On Now

Listen to the Stream
  • Light Cavalry Overture 8:08 Franz von Suppe
    Cincinnati Pops Orchestra
    Erich Kunzel
    Buy Now
  • Violin Partita No. 3: Gavotte 8:04 Johann Sebastian Bach
    Ilya Gringolts, violin
    Buy Now
Playlist
Other MPR Radio Streams
Choral Stream
MPR News
Radio Heartland

You can now listen to Classical and Choral Music on your iOS (iPhone, iPod Touch, and iPad) or Android device.

Blog Archive

February 2008
S M T W T F S
          1 2
3 4 5 6 7 8 9
10 11 12 13 14 15 16
17 18 19 20 21 22 23
24 25 26 27 28 29  


Master Archive

Contact Us

Purchase the Music

  • Buy the music you've heard on-air! Your purchase helps support our classical service.
    ArkivMusic

Services

Classical Notes

Classical Notes: February 25, 2008 Archive

"Popera" Backlash

Posted at 3:06 PM on February 25, 2008 by Gillian Martin (25 Comments)

In a recent article in The Telegraph, Dame Kiri te Kanawa minced no words on the subject of "popera" singers--those opera-lite crossover artists like Hayley Westenra who sell millions of CDs.

"They are all fake singers, they sing with microphones," she said. About Hayley Westenra in particular, a fellow New Zealander, Dame Kiri said, "Have you heard Hayley? She's not in my world. She has never been in it at all."

A blogger named Steve Huff succinctly explains the different worlds Dame Kiri is talking about:

What bothers me most of the time is that opera is a visceral experience; a lot of what passes for "popera" lacks that gut-punch. If you don't think opera-singing requires figurative cojones, let's see how well you would do cloaked in 30-40 pounds of costume, three layers of makeup and a very uncomfortable wig, navigating a tilted or turning stage under shifting lights for the better part of three hours while still singing page upon page of music in a language other than your native tongue, at a volume that would normally be reserved for great anger or cheering at a ball game.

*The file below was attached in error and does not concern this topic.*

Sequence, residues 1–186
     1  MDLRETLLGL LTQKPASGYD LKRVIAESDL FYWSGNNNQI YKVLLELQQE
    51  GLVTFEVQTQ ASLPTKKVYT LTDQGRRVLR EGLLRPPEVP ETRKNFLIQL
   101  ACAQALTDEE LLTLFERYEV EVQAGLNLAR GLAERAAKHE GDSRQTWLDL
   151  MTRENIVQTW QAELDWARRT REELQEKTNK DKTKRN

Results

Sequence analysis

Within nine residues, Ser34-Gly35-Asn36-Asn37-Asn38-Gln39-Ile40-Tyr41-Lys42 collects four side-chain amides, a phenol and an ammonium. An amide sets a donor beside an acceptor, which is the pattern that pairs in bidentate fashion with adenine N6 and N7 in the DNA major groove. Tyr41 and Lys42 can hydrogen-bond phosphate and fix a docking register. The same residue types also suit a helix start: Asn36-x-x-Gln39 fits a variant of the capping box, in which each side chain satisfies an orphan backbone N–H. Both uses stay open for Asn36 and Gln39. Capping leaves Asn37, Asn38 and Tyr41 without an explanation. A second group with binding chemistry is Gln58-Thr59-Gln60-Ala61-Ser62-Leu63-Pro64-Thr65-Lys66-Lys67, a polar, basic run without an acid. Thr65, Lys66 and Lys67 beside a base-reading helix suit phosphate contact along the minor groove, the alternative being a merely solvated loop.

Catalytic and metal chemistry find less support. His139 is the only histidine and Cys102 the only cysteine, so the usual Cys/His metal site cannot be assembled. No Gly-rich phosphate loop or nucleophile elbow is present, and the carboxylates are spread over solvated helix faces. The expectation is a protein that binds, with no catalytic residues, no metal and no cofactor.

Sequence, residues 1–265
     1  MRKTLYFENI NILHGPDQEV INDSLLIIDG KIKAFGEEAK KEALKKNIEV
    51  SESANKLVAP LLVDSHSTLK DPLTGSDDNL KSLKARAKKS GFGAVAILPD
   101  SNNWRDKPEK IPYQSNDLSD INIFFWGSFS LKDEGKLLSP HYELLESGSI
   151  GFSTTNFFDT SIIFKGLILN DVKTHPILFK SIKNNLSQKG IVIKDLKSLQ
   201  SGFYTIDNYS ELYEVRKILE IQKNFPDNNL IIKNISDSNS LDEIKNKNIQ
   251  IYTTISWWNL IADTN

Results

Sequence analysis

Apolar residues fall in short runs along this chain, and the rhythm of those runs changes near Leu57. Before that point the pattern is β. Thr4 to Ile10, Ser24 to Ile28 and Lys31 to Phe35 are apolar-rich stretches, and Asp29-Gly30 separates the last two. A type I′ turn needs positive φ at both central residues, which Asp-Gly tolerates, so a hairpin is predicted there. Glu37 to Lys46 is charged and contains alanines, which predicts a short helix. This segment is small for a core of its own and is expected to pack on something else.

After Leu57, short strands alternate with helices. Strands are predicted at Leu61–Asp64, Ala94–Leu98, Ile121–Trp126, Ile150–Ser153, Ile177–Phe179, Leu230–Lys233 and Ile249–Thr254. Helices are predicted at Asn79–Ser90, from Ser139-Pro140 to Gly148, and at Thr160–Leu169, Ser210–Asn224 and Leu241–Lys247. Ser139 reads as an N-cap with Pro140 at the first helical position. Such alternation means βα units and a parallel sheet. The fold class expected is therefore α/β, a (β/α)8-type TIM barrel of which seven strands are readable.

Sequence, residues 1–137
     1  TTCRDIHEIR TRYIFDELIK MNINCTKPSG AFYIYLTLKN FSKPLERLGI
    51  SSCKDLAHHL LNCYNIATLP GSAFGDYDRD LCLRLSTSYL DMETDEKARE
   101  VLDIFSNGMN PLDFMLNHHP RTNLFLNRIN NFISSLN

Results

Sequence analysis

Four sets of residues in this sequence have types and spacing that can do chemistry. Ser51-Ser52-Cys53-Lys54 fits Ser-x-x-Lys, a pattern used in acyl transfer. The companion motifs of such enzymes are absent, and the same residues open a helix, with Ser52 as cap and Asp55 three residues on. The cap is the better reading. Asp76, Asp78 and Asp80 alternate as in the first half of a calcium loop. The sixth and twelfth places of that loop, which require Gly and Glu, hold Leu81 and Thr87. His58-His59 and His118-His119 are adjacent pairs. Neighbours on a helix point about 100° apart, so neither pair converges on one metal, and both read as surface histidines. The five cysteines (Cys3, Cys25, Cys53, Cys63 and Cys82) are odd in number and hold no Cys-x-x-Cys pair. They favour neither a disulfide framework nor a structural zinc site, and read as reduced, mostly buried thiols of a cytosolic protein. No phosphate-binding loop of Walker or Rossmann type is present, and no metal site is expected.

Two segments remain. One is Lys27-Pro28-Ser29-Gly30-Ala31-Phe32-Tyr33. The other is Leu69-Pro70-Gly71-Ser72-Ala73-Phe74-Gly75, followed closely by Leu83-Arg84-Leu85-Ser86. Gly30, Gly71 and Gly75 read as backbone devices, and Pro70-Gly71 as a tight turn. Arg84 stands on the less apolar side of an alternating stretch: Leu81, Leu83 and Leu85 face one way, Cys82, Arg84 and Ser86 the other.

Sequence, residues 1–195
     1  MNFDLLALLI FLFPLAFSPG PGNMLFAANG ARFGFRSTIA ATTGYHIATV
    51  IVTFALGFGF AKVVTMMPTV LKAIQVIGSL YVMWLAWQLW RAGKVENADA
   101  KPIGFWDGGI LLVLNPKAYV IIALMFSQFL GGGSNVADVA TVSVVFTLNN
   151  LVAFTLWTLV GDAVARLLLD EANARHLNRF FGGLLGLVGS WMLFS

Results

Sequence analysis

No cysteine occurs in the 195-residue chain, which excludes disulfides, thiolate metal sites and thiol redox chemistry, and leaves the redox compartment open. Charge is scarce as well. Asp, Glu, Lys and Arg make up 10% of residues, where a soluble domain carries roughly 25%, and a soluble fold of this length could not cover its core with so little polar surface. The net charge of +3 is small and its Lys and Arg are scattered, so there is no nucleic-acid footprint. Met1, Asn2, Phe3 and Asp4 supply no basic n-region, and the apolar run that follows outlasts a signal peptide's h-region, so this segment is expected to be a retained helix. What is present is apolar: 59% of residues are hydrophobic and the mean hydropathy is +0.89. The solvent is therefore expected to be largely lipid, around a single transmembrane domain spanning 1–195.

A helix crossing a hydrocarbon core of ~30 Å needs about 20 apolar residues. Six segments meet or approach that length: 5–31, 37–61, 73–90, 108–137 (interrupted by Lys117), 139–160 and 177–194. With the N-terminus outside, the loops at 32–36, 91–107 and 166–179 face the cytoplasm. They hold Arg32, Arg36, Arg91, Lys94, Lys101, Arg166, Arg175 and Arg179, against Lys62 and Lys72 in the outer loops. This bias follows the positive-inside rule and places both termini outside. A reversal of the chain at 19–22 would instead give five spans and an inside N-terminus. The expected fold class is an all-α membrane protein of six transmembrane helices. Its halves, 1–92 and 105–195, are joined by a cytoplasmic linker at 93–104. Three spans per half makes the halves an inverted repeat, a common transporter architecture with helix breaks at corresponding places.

To hear the difference, check these videos of Dame Kiri and Hayley Westenra singing the same aria. (And don't let Dame Kiri's dress influence your decision.)

I agree with Dame Kiri and Steve Huff--but the fact remains that many people prefer the sound of popera, and those people may not be interested in seeing an actual opera.

What do you think?

Comment on this post